ROTC cadets help NC State celebrate its 125th anniversary
Terri Lomax, vice chancellor for research and innovation, said the university is home to partnerships between the Department of Defense and the USDA that offer programs to military kids, including camps for children and financial advice for families.
And with a photo of Gen. Custer and his favorite companion animal on a screen behind her, Lomax noted that dogs have long had a place in the military. Today, the College of Veterinary Medicine is working with the government to select the breeds that can best be trained to detect IEDs and to identify the most accurate training methods.
And at the College of Textiles, researchers continue to use PyroMan, a full-size simulated model that helps textile engineers determine what kind of fibers best protect the human body from heat and flame.
The college has also developed another set of models — PyroHand and PyroHead — to help researchers understand the effect of radiant thermal energy from IEDs on extremities.
Plans are in the works, he said, to develop a “dynamic” version of PyroMan that moves so that the effects of fire can be simulated in motion.
“Our mission is to serve and protect the men and women who serve in our military, and for that we are very grateful,” Barker said.
In addition to technical research, the university’s foreign language department is contributing to partnerships with the military. ROTC students are being given the opportunity to learn “critical language skills” in Arabic, Chinese, Russian, and Urdu, said Dwight Stephens, director of the Integrated Research Learning Initiative. The training is designed to help the students understand other cultures and become “warrior-diplomats” who can participate in conflict resolution, he said.
Speaking of NC State’s history of military leadership, Woodson noted that the university counts more than 60 admirals and generals among its alumni — just behind the service academies and The Citadel and Virginia Military Institute.
Artist Joyce Lambert recently gave the Alumni Association a painting of Holladay Hall. It will hang in the Dorothy and Roy Park Alumni Center room named for Lambert’s brother, Lynn W. Eury ’59. Eury sponsors multiple NC State endowments and served as co-chair of the fundraising campaign to build the alumni center. Hole No. 5 at the Lonnie Poole Golf Course is also named for him.
This is a National Science Foundation video about the amazing metal foam developed by Afsaneh Rabiei, an associate professor of mechanical and aerospace engineering. Read more about her work in the Autumn 2010 issue of NC State magazine.
The above photo is of an insect egg from a gallery produced by National Geographic Magazine that accompanies an essay written by Rob Dunn, an assistant professor of biology at NC State. In the Autumn 2009 issue of NC State magazine, Dunn wrote about the thousands of tiny species at work around us that we often don’t notice, even when those species are living on our own bodies and right under our noses. In this new essay for National Geographic Magazine, “The Beauty of Insects,” Dunn focuses in on insect eggs (and both the essay and the photos are fascinating):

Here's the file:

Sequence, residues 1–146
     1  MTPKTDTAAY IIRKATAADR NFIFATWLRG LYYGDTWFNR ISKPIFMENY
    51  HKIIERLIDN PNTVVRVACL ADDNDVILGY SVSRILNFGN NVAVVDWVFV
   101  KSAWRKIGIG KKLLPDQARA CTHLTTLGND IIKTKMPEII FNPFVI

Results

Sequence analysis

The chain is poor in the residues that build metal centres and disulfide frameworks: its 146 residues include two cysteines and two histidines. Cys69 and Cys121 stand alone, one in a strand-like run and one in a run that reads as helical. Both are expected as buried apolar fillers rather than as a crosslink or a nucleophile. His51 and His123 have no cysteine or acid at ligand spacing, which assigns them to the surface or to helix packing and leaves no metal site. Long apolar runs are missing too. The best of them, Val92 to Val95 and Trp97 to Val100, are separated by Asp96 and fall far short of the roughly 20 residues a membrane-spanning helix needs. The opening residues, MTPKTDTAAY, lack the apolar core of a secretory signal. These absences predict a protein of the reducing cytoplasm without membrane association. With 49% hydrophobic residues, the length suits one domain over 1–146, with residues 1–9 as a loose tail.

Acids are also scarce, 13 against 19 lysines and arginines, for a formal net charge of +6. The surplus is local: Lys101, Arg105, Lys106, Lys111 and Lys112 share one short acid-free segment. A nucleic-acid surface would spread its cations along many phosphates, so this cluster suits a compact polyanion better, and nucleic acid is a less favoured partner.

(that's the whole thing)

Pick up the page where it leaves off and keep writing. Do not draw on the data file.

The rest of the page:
They began simply, smooth and round, but over 300 million years, insect eggs have become as varied as the places where insects reign. Some eggs resemble dirt. Others resemble plants. When you find them, you might not know what you are seeing at first. The forms are unusual and embellished with ornaments and apparatuses. Some eggs breathe through long tubes that they extend up through water. Others dangle from silky stalks. Still others drift in the wind or ride on the backs of flies. They are as colorful as stones, shaded in turquoises, slates, and ambers. Spines are common, as are spots, helices, and stripes. More than biology, their designs suggest the work of an artist left to obsess among tiny forms. They are natural selection’s trillion masterpieces; inside each is an animal waiting for some cue to break free.
are the eggs of a few small branches of the insect tree of life. Among them are those of some butterflies that face extraordinary travails to defend themselves against predators and, sometimes, against plants on which they are laid. Some passionflowers transform parts of their leaves into shapes that resemble butterfly eggs; mother butterflies, seeing the “eggs,” move on to other plants to deposit their babies. Such mimics are imperfect, but fortunately so is butterfly vision.